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Which means of construction do we have to apply in order to protect our cities from climate change in the future? And what has to happen to make living in the cities affordable again? Professor Lamia Messari-Becker from the University of Siegen answers these questions.
Housing shortages, rural depopulation, climate change - extreme heat and floods threaten us ever more frequently in the future. What should the cities of tomorrow look like to be prepared for these dangers? "We can achieve a lot by clever construction," says Lamia Messari-Becker, professor for building technology and building physics at the University of Siegen. Smart building – for Messari-Becker this means above all sustainability, a kind of durability of our productivity on different levels. In terms of materials, space, energy, etc., this is in practice associated with building resource-efficiently and with minimized pollution. According to Messari-Becker, a building is only sustainable if it lives up to its socio-cultural function, i.e. if it is being used for a long time. But a collection of sustainable buildings does not a sustainable urban district make. For this, a good infrastructure must be included, as well as quality outdoor spaces and modern mobility. In the end, a city is only sustainable if it can permanently combine its economic competitiveness with a high quality of life for its residents and users, as well as with social stability.
Worldwide, about 50 percent of resource consumption and waste and 40 percent of CO2 emissions are attributable to construction. More than 75% of resource consumption is also concentrated in cities. "Structural engineering and urban construction can translate into climate protection if we tackle the homework properly," says Messari-Becker. The problem: Politics for environmental and climate protection still focusses mainly on the topic of energy. "Building and urban development are not sideshows. Politicians have to tackle the issue more strategically," demands the construction engineer, while actively contributing at the same time. Messari-Becker is a member of the German Advisory Council on the Environment and advises the Federal Government in questions of building and urban development. ZDF's documentary "planet e" with Prof. Messari-Becker on 12th August highlights how the cities of the future can look.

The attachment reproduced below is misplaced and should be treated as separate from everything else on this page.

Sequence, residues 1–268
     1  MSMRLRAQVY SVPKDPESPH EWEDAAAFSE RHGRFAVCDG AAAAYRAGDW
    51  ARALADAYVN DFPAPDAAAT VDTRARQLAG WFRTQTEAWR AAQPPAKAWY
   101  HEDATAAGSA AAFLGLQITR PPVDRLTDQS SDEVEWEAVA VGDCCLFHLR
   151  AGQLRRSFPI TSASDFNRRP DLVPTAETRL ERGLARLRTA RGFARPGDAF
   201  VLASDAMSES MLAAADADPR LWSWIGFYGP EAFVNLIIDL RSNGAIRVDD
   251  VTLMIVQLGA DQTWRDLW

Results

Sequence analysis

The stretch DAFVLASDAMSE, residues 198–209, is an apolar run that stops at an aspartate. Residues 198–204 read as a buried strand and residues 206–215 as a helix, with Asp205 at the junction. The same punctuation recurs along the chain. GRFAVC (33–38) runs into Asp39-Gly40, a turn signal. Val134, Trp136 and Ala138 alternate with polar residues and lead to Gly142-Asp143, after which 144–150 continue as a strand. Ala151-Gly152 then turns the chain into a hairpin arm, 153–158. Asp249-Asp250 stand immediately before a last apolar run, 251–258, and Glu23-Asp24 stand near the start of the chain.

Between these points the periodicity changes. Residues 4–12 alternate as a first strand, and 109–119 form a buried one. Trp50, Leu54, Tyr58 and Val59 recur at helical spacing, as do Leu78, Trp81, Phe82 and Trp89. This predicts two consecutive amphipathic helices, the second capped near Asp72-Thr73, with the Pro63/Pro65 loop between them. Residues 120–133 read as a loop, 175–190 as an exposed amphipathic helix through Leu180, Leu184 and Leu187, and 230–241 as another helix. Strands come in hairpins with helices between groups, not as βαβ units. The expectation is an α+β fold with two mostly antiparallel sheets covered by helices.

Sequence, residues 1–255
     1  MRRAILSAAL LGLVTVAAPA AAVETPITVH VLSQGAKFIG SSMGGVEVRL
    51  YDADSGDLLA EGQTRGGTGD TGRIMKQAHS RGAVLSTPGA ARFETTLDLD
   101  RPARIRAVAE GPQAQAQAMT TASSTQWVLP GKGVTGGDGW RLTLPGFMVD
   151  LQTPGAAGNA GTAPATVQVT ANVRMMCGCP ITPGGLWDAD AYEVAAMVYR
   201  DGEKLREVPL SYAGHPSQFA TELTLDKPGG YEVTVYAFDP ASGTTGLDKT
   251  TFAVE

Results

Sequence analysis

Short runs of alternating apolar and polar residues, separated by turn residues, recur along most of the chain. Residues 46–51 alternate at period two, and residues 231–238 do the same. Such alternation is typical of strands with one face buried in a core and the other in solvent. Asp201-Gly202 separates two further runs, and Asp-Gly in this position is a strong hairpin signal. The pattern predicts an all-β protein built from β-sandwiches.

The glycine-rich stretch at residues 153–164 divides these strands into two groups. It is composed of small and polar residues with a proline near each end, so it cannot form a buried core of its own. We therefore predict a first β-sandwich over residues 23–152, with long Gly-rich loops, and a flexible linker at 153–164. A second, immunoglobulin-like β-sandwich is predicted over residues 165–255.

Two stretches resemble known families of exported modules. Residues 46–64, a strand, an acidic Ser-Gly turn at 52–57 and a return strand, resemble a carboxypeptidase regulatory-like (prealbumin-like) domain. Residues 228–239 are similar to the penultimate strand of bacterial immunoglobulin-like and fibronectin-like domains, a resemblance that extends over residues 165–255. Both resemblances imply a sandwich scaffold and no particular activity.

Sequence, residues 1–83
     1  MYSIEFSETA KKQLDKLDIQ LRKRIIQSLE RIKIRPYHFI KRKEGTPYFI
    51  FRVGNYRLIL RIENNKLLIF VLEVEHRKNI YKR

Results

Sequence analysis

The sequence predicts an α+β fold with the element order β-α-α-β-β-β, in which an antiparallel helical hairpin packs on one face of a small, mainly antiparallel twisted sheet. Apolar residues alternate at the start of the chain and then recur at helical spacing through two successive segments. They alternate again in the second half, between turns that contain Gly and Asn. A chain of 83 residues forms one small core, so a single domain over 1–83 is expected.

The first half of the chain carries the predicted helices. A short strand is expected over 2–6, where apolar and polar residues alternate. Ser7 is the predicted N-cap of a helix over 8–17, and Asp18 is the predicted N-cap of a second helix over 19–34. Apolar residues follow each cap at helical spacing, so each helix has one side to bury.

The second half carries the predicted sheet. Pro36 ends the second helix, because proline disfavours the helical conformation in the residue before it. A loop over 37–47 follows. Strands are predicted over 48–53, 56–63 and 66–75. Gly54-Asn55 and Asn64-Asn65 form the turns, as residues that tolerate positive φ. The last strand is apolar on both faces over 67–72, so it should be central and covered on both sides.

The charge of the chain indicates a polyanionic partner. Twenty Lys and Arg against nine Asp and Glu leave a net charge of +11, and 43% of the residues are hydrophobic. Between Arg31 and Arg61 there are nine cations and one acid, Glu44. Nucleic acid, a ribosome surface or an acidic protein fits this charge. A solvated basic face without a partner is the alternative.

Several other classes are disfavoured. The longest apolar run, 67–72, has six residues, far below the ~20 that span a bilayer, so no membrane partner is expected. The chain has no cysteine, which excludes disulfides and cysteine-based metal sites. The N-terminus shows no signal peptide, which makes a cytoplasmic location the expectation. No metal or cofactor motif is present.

Even today, it is often five to eight degrees warmer in inner cities in the summer than in the green surroundings. The reason: Cooling is made difficult by too much surface sealing, insufficient green space and often by closed ventilation corridors, causing heat to accumulate. One speaks of the so-called heat island effect. "We have neglected this problem far too long and sealed more than was necessary," says Messari-Becker. This creates problems especially in midsummer, such as health problems for people with disabilities and increased energy consumption due to air conditioning. In some German cities, those responsible are now breaking new ground - with roof gardens, green facades or newly planted trees. The green areas not only cool the air but also bind fine dust. "Smart city planning can significantly improve the quality of life," says Messari-Becker. "The prerequisite for this is that we put people more at the center of the transformation and modernization of our cities. The cities of Hamburg and Essen are setting a good example."
Not only the environment, but also the affordable housing play a major role for socially stable cities. "Lodging is the social issue par excellence of our time," says Messari-Becker. In the middle of Frankfurt's banking district, new residential towers are being built. A trend in many cities in the world: Residential high-rises seal a relatively small area and create the required space by their sheer height. The city council has also obliged the builders to create 30 percent subsidized living space - so that tenants with low income also have a chance of living in an attractive apartment. Other builders show that Energyplus buildings including integrated electro-mobility are possible. But this is just one of many aspects of sustainable construction: "We need to completely re-think the relationship between city and country," demands Messia-Becker, as cities increasingly come up against their social and ecological boundaries, a strengthened infrastructure in rural areas is needed all the more: "Cheap land alone will hardly attract anyone to move into the village, and there are other factors that must be right: jobs, fast internet, mobility, making life easier for people in rural areas Dismantling the urban-rural divide is a major societal, economic and socio-political task, as the consequences of this divide are more diverse and extend all the way to loss of confidence in politics."
The documentary "The Cities of the Future" with Professor Lamia Messari-Becker will be broadcasted on Sunday, August 12 at 4:35 pm in the series "planet e." On ZDF.
More information about the program.
Univ. Dr.-Ing. Lamia Messari-Becker
University of Siegen